“These would typically be of a magnitude from about 8.7 to 9.2, really huge earthquakes,” Goldfinger said. “We’ve also determined that there have been 22 additional earthquakes that involved just the southern end of the fault. We are assuming that these are slightly smaller, more like 8.0, but not necessarily. They were still very large earthquakes that if they happened today could have a devastating impact,” he said.

The present cycle seems like it’s gently ratcheting downward, Goldfinger said. “This would suggest that we’re not due for a giant [quake] anytime soon, but the model has no predictive value,” he said.

The battery model of earthquake energy storage and discharge makes it difficult for scientists to forecast future earthquakes, as there’s no explanation yet for why faults would behave this way, Goldfinger said. Plus, it’s hard to say how much energy a fault’s battery stores. “We haven’t yet figured out how to effectively put a voltmeter on a fault and say how charged it is,” Goldfinger said.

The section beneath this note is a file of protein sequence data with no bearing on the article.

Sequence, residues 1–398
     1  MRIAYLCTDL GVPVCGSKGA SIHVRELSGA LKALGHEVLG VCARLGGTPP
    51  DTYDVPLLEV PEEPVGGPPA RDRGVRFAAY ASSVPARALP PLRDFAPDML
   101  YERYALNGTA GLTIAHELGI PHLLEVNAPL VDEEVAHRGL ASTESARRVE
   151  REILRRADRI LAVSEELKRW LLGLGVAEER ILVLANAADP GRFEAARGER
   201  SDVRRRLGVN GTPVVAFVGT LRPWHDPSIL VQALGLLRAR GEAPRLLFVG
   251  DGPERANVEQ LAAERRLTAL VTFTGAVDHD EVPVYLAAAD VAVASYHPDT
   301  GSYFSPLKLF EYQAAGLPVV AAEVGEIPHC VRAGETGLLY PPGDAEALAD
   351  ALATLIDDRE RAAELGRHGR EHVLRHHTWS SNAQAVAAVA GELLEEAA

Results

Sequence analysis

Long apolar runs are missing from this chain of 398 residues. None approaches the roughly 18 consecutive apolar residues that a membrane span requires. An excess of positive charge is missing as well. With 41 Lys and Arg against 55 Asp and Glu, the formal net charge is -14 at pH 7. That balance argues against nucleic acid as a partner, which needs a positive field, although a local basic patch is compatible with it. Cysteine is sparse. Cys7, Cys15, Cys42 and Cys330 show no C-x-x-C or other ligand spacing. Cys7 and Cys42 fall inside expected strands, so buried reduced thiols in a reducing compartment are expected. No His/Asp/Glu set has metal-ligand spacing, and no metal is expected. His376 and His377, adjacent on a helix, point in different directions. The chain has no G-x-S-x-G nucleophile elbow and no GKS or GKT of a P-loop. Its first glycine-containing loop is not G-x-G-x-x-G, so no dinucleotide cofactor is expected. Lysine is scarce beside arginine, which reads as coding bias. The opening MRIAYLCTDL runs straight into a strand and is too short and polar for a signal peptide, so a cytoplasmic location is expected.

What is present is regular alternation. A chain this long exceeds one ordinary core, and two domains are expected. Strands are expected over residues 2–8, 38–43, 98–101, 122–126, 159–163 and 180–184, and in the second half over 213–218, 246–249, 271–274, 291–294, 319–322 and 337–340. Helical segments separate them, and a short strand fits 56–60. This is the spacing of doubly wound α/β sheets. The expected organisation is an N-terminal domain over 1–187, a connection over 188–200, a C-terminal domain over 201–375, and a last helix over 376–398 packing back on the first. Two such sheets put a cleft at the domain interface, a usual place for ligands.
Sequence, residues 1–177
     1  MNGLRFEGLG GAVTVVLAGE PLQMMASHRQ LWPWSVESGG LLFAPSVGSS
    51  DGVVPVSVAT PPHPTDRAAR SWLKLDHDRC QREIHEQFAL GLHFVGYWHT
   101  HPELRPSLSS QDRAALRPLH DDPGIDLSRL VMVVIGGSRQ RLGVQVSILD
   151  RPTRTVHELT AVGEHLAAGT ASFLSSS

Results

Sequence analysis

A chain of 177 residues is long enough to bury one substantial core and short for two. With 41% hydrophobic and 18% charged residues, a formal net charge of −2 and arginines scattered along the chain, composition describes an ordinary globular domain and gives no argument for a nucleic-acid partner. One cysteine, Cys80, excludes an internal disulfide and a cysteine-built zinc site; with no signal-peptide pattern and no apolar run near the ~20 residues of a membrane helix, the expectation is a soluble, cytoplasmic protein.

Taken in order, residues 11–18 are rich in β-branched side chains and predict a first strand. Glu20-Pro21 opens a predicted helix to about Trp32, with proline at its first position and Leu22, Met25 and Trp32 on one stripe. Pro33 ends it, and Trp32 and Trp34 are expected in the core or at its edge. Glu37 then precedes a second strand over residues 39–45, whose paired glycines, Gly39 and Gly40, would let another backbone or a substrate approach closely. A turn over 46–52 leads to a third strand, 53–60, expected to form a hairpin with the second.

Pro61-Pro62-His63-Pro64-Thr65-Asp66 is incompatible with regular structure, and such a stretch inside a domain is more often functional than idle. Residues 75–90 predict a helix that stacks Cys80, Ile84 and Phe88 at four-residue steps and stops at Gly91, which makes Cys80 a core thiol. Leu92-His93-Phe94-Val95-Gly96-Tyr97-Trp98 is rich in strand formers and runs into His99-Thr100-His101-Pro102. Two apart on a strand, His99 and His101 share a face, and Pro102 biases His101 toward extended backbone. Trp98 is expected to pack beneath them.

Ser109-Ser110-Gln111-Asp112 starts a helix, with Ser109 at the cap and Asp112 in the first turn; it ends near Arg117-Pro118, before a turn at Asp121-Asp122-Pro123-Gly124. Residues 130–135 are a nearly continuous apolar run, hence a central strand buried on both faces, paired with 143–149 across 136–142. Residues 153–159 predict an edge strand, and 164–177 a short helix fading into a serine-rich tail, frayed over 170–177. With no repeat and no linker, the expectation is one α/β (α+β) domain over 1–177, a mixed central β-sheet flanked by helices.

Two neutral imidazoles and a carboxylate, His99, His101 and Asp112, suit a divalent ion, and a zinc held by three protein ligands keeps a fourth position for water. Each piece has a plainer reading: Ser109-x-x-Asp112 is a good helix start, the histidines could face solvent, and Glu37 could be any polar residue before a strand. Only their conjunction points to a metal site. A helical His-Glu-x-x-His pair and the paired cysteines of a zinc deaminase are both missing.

But with more detailed records of past earthquakes, such as those in Sumatra and Cascadia, Goldfinger believes scientists can give better estimates of seismic hazards, and prevent surprises like Sumatra and Tohoku.

“The long records are revealing very useful things,” he said. “We’re not sure what’s driving the long-term cycling, but at least we can tell people what to prepare for,” Goldfinger said.